Genetic mutation: resulting in changes in sterol spectrum specificity

50

Rifampicin (rifampin)

Semi-synthetic (Rifamycins)

Gm+, Gm-

Inhibits DNA dependent RNA polymerase, preventing transcription

Genetic mutation: of the rpoB gene encoding the beta subunit of RNA polymerase that alter residues of the rifampicin binding site on RNA polymerase, resulting in decreased affinity for rifampicin

50

Streptomycin

Aminoglycosides

Gm+, Gm-

Binds to 16S ribosomal subunit, preventing initiation of translation

Streptomycin 3'-adenyltransferase: transfers the adenyl group from ATP onto streptomycin

50

Tetracycline

Tetracyclines

Gm+, Gm-

Prevents aminoacyl tRNA from binding to 30S subunit

Pleiotropic mechanisms: Tetracycline efflux, ribosome protection, enzymatic inactivation of Tetracycline

50

Abbreviations: Fu = fungus; Gm(+/-) = Gram positive/negative; My= mycoplasma; Ye = yeast.

This is by no means an exhaustive list of all antibiotics used in molecular biology, so if I have missed out on an antibiotic that you use routinely in your work, please leave a comment and I will add it to the table.

It’s important that you store your antibiotics appropriately, so you can ensure that they are working correctly when you come to use them. For a guide on proper storage and use of antibiotics, check out our related article Antibiotic Stability: Keep Your (Gun)powder Dry. This article also provides information on the best solvent to use for your stock and whether the antibiotic is light-sensitive or not.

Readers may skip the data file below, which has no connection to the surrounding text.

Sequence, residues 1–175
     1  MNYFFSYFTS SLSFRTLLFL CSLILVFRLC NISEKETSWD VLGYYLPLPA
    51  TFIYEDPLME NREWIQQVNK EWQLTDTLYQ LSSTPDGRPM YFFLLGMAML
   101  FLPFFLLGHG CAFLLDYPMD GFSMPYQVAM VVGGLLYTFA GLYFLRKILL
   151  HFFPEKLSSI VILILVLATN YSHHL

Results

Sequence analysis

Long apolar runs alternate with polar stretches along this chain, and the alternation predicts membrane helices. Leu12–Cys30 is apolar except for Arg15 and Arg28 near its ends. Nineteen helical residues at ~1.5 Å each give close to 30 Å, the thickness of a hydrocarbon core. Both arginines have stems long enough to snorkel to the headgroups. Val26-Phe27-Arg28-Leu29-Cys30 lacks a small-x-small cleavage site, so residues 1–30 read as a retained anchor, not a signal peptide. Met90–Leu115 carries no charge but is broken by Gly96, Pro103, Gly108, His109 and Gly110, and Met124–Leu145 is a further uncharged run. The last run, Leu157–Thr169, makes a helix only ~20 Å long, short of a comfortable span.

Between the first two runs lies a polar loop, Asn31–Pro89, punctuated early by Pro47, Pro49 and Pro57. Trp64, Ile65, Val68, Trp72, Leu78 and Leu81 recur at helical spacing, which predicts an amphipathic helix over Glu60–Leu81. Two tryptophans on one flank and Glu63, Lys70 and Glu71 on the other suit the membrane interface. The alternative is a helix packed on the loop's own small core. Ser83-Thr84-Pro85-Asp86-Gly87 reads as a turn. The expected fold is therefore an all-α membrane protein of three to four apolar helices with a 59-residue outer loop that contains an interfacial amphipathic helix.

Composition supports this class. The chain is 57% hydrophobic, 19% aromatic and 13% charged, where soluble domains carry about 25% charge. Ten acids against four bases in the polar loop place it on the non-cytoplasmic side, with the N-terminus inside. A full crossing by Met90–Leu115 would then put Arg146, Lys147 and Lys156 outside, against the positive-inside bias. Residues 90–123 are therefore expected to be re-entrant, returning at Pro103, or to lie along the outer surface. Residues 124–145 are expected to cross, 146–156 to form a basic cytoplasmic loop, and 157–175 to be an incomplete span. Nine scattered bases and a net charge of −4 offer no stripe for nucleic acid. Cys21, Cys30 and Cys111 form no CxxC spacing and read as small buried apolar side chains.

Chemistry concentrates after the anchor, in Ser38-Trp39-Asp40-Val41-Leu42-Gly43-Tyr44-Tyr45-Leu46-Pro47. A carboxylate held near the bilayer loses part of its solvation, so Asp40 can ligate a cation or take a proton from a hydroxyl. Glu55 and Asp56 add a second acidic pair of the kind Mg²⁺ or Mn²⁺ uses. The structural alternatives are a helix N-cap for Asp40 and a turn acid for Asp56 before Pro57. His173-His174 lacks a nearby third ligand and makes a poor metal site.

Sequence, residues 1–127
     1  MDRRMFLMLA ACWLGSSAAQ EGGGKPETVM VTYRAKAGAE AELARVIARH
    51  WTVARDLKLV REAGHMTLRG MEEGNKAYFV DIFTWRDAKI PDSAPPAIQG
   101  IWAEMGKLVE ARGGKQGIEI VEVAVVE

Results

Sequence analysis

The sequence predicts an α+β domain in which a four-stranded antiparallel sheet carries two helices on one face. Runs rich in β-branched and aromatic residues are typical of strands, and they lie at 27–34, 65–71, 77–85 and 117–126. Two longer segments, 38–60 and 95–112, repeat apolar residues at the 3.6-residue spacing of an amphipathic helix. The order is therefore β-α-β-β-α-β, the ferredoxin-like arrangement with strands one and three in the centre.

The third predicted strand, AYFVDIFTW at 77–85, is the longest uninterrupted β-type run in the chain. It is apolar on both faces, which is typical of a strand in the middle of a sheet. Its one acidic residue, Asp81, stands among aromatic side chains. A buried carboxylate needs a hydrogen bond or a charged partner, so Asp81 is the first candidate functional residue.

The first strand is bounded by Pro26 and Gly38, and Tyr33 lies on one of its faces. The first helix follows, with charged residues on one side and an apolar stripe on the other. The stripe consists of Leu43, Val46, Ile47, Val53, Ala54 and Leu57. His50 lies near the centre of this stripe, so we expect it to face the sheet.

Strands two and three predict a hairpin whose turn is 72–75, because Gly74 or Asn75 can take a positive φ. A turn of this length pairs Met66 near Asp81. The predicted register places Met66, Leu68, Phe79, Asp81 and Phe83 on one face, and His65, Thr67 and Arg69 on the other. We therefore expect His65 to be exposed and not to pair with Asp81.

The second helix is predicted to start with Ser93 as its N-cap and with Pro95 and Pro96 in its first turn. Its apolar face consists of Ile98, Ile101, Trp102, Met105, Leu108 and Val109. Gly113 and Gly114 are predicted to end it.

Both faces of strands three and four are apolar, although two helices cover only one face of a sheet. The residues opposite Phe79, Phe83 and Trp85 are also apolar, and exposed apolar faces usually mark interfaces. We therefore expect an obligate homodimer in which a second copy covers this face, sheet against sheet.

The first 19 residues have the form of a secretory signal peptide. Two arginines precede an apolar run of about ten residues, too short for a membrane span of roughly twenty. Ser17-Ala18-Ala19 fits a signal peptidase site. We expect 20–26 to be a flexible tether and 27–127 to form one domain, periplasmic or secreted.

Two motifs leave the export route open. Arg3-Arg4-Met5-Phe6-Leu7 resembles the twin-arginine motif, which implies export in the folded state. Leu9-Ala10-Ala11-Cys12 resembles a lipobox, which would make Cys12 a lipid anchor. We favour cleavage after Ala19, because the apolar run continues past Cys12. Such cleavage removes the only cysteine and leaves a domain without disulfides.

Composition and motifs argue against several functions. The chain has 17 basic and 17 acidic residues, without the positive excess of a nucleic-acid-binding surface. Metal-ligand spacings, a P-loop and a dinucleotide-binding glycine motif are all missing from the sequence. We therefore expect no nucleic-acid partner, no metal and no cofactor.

When using antibiotics in plates, do you know how long in advance you can prepare them, or if the plates that have been in your cold rooms for the past few weeks are still usable? You might be surprised when you find the answers in our article: Ye Olde Antibiotic Plates.

If you are planning to use ampicillin for selection (for example when cloning or performing protein purification in E. coli), there are several limitations you need to be aware of that might affect how you use this antibiotic. We go into the details of these limitations as well as precautions you can take in our article What’s The Problem With Ampicillin Selection?

Our downloadable wall chart aims to provide an easy reference to some of the main antibiotics used in molecular biology, their mechanisms, range, and working concentrations. Print it off and post it in your lab for some eye-catching yet educational decoration.

Originally published on October 2, 2007.  Updated and revised on 10 December 2019.

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Image Credit: yothinsanchai

2 Comments

  1. Luke on August 16, 2016 at 1:12 am

    Thank you for this table! We use Ciprofloxacin a lot in our lab, would you be able to add this when you have a chance please? Thank you!

  2. Anon on August 4, 2016 at 2:33 pm

    Small correction, amphotericin is now thought to be fungicidal independent of its ability to form a pore by instead “sponging” up ergosterol from the membrane (see Martin Burke lab for details)